Opening Statement of Ranking Member Barbara Boxer
EPW Legislative Hearing on “S. 1479, Brownfields Utilization, Investment, and Local Development Act of 2015, S. 2446, Improving Coal Combustion Residuals Regulation Act of 2016, and Discussion Draft of Good Samaritan Cleanup of Orphan Mines Act of 2016”
March 2, 2016
(Remarks as prepared for delivery)

Today, the Committee will be discussing three bills: a Brownfields bill, a coal ash bill, and a Good Samaritan bill. The Brownfields bill is ready to move forward. The coal ash bill weakens environmental protections and should not move forward. Additional work is needed on the Good Samaritan bill, and I am working with Senators Bennet and Gardner to improve that bill.

First, I would like to talk about the BUILD Act, S. 1479, which would reauthorize and improve EPA’s Brownfields program so lands can be reused. It is very important these acres not remain out of use. An identical bill was passed out of this Committee in 2014 when I was Chairman, and I support this legislation.

The second bill, S. 2446, would significantly weaken the protections in EPA’s recently finalized coal ash rule. This new rule contains important protections for communities near coal ash disposal sites, including safeguards to prevent contamination of drinking water.

Coal ash is dangerous because it contains many toxins, such as mercury, arsenic, and lead, which are known to cause cancer and harm children’s development. Coal ash is often stored in impoundments that are unlined and located adjacent to rivers and lakes, where toxic substance leach into groundwater and surface waters. As we saw in Kingston, Tennessee, and the Dan River in North Carolina, these impoundments can fail, spreading toxic waste throughout communities and waterways.

In light of the ongoing water crisis in Flint, where we have heard disturbing reports of children being poisoned by contaminated drinking water, Congress should be doing more to protect the American people from polluted water – not less. It is very disappointing that this Committee is considering a bill that would undermine EPA’s new rule to prevent contamination of drinking water from toxic coal ash sites. Instead, I believe EPA’s rule should be implemented quickly so that cleanup of millions of tons of coal ash around the country can begin.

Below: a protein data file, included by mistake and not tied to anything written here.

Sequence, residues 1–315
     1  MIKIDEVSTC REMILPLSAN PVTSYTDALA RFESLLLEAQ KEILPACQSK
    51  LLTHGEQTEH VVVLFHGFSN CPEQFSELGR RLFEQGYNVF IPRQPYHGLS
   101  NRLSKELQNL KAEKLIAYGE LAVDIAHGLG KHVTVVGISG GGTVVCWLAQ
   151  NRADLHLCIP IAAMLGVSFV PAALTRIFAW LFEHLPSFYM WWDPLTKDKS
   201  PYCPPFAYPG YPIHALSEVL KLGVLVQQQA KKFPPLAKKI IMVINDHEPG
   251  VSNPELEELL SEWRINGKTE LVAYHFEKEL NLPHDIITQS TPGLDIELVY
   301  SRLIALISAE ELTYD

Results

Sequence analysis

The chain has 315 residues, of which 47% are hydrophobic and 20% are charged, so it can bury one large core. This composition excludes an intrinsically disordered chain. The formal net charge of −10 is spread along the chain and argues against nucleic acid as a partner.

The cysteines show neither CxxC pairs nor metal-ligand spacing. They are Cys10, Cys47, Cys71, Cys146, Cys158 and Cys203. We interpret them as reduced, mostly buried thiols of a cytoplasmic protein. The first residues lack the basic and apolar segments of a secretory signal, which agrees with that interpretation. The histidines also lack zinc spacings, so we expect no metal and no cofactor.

The third bill is a discussion draft proposed by Colorado Senators Bennet and Gardner to encourage so-called “Good Samaritan” cleanups of abandoned hardrock mines. The bill would allow individuals who are not responsible for the contamination at a mine site to conduct a voluntary cleanup of an abandoned mine and be shielded from liability under the Clean Water Act and Superfund.

Abandoned hardrock mines pose a serious threat to the waterways that people use for recreation and that provide drinking water to our children and families. Mine wastes frequently contain high levels of dangerous heavy metals, including mercury, lead, and arsenic.

These cleanups are so difficult that a longtime EPA contractor caused a massive leak from an abandoned mine as they tried very hard to figure out the best way to clean it up.

Nationwide, there are over 500,000 abandoned hardrock mines, and cleanup costs are estimated to be as high as $50 billion. Pollution from abandoned mines is a significant and complex problem. To truly address this complex problem, significant reforms are needed to our mining laws to ensure that the polluter pays, not the taxpayer.

I appreciate the Colorado Senators’ efforts. I am working with them to ensure we address some of the remaining problems with the bill. I want to make improvements to the legislation so that it will protect the environment and ensure that taxpayers will not be on the hook if a Good Samaritan makes the pollution worse.

Any Good Samaritan legislation approved by this Committee must ensure adequate oversight of cleanup efforts, require clean ups to result in clear improvement of the environment, and protect taxpayers if a cleanup fails.

I look forward to hearing from our witnesses today.